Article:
Willie Mays of the San Francisco Giants hits four home runs against the Milwaukee Braves in the Giants’ 14 – 4 victory at Milwaukee County Stadium. Mays becomes just the ninth player in major league history to hit four homers in one game.
Tom Phoebus of the Baltimore Orioles pitches a 6 – 0 no hitter against the visiting Boston Red Sox. Third baseman Brooks Robinson drives in three runs and makes a great catch to rob Rico Petrocelli of a hit in the 8th inning.
Johnny “The Big Cat” Mize of the New York Giants becomes the first major leaguer to hit three home runs in a game on five different occasions. Mize hits his trio off Johnny Sain of the Boston Braves, but in spite of his barrage, the Giants lose to the Braves, 14 – 5.
Whitey Ford of the New York Yankees pitches a 14-inning, 1 – 0 shutout against the Washington Senators, giving up 8 hits while striking out 15. The Yankees win in the first half of the 14th inning on a Moose Skowron solo home run – the longest contest in MLB history ending 1 – 0 on a home run.
Future Hall of Famer Joe Cronin of the Boston Red Sox breaks his leg running the bases. The injury will influence him to retire as a major league player. Cronin will continue to serve the Red Sox as their manager. He will also later serve as AL President.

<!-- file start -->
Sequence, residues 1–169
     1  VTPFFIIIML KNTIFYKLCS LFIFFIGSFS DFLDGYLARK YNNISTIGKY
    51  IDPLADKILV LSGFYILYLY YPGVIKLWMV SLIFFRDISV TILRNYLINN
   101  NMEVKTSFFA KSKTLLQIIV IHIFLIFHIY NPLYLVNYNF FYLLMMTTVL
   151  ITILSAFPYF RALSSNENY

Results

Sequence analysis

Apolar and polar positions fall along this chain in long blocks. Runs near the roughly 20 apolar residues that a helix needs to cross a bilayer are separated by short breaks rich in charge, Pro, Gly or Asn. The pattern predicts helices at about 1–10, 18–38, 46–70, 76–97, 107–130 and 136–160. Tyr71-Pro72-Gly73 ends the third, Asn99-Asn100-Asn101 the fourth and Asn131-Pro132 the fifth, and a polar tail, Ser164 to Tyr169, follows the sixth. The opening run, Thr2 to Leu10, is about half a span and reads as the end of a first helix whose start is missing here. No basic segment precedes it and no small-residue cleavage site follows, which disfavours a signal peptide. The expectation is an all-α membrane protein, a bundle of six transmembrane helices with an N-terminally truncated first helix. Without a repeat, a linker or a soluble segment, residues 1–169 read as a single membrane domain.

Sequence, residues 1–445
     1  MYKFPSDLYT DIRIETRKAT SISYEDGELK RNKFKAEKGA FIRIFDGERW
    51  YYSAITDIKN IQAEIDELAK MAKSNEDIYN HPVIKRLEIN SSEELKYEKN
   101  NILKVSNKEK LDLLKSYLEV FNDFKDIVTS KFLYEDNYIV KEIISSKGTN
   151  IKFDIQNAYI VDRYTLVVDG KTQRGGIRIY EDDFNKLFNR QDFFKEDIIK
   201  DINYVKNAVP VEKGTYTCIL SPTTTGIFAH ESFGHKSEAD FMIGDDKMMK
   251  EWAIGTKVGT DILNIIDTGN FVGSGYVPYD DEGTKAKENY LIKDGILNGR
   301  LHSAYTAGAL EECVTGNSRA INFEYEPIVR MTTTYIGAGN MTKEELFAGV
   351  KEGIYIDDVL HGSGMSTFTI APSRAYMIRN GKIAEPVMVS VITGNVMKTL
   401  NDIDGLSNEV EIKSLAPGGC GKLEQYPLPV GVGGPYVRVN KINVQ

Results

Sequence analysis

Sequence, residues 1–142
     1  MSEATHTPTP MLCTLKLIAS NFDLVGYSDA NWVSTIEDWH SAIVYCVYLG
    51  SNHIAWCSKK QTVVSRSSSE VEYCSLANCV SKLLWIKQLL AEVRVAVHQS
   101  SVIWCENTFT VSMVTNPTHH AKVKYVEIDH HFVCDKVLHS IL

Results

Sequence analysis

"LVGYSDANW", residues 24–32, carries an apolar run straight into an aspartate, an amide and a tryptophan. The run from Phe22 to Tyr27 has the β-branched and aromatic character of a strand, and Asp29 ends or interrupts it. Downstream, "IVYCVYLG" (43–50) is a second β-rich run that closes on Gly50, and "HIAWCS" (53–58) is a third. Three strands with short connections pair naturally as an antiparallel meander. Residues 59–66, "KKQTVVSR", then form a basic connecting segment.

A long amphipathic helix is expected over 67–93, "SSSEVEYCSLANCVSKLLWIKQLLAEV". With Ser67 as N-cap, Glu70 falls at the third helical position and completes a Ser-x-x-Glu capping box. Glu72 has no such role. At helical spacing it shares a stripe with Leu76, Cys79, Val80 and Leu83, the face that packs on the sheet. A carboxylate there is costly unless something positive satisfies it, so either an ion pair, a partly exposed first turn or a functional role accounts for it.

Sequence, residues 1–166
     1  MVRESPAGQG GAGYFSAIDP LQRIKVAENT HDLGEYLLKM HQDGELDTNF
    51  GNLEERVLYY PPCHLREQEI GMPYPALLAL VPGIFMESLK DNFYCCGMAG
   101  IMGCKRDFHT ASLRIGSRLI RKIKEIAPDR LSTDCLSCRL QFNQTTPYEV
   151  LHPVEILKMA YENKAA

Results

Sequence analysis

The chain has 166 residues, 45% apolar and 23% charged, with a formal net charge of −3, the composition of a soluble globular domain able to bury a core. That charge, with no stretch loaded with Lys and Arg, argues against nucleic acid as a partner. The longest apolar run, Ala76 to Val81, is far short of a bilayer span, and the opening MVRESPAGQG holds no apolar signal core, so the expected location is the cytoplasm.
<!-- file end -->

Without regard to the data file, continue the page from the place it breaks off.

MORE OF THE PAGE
In 47-degree chill, Bob Feller of the Cleveland Indians hurls the first and thus far only Opening Day no-hitter in MLB history. He beats Eddie Smith of the Chicago White Sox in a 1 – 0 decision at Comiskey Park. During one at-bat, White Sox star Luke Appling fouls off 15 straight pitches, but fails to get a hit.
Eddie Sawyer resigns as manager of the Philadelphia Phillies just one day into the new season. Sawyer, the manager of the National League champion “Whiz Kids” of 1950, is replaced with Gene Mauch, who begins a 26-year managing career in the major leagues.
On Opening Day, Los Angeles Dodgers pitcher Don Drysdale hits a home run, becoming the first pitcher to hit more than one career homer in opening games. Drysdale’s historic blast doesn’t prevent the Dodgers from losing their game, 6 – 1, to the Chicago Cubs.
Philadelphia Athletics manager Connie Mack, who is 84 years old, challenges Washington Senators owner Clark Griffith, who is 78, to a foot race from home plate to first base. The contest ends in a photo finish tie!